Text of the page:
Good Fat

Small Step Toward a Healty Eating Lifestyle:
Include Good Fat instead of Unhealthy Fat in Your Diet!

A new low?

For years I have been increasingly appalled by many of the changes in our food supply, but I think we have reached a new low in the popular American diet.

I recently saw an advertisement for a new menu selection that is being offered at a popular fast-food restaurant. It consisted of two breaded, deep-fried pieces of chicken with bacon and cheese sandwiched in between. No bread. No veggies. Just trans fat on saturated fat with some (probably highly adulterated) protein.

Although many may find this an appealing, even "macho" menu choice, the restaurant should probably call it what it is, “The Heart Attack Sandwich,” or “The Raise Your Bad Cholesterol Melt, ”or maybe they should just call it the "Greasy Gutbuster!"

You do need good fat.

There is no question that you need fat in your diet. If your diet is too low in fat, your overall health will be affected. In addition, fat provides taste, texture and satiety to your menu plans.

However, you should be aware of the type and quantity of fat you are eating.

The main difference in dietary fat is whether the fat is "saturated" fat or "unsaturated" fat. In general, health experts seem to agree that the unsaturated fat is the kind that we should include in our diet more often than the saturated variety.

It is easy to distinguish between them, because saturated fats are solid at room temperature.

There are some animal sources of saturated fat:

Butter… Lard… Visible fat in red meat… Skin fat in poultry… Fat in Lunch meats… Fat in Sausage…

Another source of saturated fat is the tropical “oils” from plants:

Coconut oil… Palm kernel oil… Cocoa butter… Palm oil…

Unsaturated fats are liquid at room temperature and can be divided into:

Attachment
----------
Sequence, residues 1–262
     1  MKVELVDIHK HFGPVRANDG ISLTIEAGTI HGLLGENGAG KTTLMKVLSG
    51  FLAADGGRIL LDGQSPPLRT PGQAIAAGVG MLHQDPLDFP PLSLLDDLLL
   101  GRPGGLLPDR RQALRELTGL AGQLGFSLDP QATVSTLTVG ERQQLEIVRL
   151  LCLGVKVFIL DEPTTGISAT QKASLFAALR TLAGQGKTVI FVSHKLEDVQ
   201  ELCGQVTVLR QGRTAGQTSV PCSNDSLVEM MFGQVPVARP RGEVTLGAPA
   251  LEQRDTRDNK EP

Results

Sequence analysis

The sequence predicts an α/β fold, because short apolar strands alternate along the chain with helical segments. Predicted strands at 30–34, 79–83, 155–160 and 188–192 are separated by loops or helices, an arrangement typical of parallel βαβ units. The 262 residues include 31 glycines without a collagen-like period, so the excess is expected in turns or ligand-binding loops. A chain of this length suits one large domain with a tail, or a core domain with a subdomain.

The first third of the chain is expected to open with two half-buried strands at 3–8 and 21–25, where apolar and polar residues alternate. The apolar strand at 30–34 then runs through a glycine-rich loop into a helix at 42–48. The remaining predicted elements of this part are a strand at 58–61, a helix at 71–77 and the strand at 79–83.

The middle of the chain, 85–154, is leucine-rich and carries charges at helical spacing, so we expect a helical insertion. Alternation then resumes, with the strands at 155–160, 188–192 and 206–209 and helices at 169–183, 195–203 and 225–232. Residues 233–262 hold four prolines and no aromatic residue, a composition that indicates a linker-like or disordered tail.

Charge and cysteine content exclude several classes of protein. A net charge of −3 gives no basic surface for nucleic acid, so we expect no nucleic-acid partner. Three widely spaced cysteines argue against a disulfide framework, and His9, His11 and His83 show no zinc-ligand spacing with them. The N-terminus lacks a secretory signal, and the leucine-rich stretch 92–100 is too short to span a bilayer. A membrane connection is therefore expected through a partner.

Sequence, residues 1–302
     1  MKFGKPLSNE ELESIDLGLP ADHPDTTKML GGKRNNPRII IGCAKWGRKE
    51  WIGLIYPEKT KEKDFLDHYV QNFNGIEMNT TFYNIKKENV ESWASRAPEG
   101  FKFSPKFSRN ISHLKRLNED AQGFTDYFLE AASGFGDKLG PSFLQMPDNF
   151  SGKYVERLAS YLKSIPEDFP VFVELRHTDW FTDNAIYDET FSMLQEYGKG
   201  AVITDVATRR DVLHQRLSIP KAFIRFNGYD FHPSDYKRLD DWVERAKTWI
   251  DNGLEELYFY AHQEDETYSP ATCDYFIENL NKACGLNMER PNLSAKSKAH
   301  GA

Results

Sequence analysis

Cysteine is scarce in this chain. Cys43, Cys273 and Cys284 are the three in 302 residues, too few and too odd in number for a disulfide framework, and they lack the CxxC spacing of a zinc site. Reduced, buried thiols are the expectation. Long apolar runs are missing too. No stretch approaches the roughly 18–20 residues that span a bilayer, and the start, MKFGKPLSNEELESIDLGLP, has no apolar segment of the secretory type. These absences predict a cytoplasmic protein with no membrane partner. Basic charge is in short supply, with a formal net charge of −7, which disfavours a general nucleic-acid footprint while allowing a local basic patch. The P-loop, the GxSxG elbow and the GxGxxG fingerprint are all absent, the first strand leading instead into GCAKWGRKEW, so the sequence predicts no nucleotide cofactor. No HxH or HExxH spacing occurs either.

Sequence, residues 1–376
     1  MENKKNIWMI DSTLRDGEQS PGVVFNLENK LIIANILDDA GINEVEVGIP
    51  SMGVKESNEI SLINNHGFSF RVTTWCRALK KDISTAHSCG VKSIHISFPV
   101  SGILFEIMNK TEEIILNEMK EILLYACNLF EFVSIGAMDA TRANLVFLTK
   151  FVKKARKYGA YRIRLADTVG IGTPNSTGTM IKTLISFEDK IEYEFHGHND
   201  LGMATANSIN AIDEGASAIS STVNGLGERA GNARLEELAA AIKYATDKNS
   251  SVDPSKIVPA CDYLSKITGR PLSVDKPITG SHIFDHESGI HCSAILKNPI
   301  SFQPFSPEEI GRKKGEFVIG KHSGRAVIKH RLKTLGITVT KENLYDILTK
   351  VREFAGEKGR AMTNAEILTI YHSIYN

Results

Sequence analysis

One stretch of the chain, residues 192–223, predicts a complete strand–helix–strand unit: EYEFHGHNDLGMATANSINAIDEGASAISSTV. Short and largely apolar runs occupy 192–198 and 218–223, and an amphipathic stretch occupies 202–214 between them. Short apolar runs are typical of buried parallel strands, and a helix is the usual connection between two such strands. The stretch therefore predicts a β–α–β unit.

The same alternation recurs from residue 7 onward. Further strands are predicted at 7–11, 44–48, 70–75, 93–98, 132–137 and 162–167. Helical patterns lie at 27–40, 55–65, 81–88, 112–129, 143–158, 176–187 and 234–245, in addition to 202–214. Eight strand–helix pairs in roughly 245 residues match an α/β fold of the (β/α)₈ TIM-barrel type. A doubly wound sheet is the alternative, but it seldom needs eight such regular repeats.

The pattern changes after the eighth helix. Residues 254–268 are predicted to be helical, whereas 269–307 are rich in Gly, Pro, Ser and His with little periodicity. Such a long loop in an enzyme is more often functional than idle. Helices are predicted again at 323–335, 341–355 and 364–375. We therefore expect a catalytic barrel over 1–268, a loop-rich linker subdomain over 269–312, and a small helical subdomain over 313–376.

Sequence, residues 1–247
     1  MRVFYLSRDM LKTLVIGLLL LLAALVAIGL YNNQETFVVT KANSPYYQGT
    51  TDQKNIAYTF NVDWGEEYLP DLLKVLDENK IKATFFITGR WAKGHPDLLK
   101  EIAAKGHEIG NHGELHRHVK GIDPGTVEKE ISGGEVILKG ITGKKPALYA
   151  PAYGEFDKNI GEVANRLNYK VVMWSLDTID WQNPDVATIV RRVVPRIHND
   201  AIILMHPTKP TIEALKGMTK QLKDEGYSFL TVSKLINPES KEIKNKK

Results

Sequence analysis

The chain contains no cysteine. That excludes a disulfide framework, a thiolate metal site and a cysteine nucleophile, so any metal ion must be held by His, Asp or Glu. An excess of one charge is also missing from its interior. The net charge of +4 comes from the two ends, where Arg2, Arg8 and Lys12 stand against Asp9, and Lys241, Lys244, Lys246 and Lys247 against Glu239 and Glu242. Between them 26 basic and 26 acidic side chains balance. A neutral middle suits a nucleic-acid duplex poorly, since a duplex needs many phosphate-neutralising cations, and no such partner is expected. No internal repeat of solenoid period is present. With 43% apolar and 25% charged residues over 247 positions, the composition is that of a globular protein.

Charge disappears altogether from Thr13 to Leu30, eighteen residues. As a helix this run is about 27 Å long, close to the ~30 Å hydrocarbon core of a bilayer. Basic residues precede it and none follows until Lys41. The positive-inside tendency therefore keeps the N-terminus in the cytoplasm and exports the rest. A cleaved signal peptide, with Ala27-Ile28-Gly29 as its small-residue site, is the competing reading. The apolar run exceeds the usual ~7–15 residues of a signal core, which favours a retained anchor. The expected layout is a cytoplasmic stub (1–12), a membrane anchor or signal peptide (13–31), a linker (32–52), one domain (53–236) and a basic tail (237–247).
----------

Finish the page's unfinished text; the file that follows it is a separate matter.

--Monounsaturated oils, such as,

Olive oil… Canola oil… Peanut oil…

--And the polyunsaturated oils, including,

Safflower oil… Sunflower oil… Corn oil… Soybean oil… Most “Vegetable” oils…

There is also a significant amount of fat, of the saturated variety, in many dairy products:

Cheese… Milk… Cream… Yogurt… Ice cream… Sour cream…

Interesting Fact: Some health experts are backing off on their stand against eating too much saturated fat, based on some new research. However, until more research is done, you should still avoid eating too much saturated fat. If nothing else, it is caloric, harder to digest and is the place where pesticides and other harmful chemicals are concentrated. 

Eat more good fat from plant foods

As a rule of thumb, it is probably better to get as much of your fat from plant foods as you can. Use animal foods such as meat, cheese and butter sparingly and limit or avoid fried foods, as well as whole-fat dairy products.

When choosing meat, it is generally recommended that you choose the leaner varieties, (although the fat in meat is what makes it “juicy,” so you may want to limit your portions instead, or eliminate just the visible fat).

Olive oil is a good fat

Many health experts are recommending that we use olive oil for cooking instead of other types of vegetable oils. This is because, since it is mostly monounsaturated, it is less likely to turn rancid and it remains fairly stable at high cooking temperatures.

Be sure to choose extra virgin olive oil that has a nice fruity smell and a green color. The use of olive oil has been suggested as one of the reasons that the Mediterranean style of eating, in spite of being high in fat, is not associated with the high incidence of heart disease that is connected with the typical American diet.

The polyunsaturated oils, which have been so popular, are not bad in themselves, but if they are not handled properly they are more likely to breakdown into substances that are not good for you.

Ever heard them called "alligator pears?"

Did you know that avocados are an excellent source of monounsaturated fat (good fat)? They are also rich in fiber and vitamins and minerals such as Vitamin A, folic acid and potassium. Try mashing a fresh avocado with some sea salt and lemon juice for a great dip for veggies, or put slices of this “buttery” fruit on a sandwich or chunks of it in your favorite garden salad. Delicious! 

Click here for a list of foods with monounsaturated fats.

Essential Fatty Acids from good fat

You need fatty acids (a specific type of fat) in order to be healthy. Your body can manufacture all but two of the fatty acids it needs, linoleic acid and linolenic acid, so these two are called “essential,” because it is essential that you get them from your diet.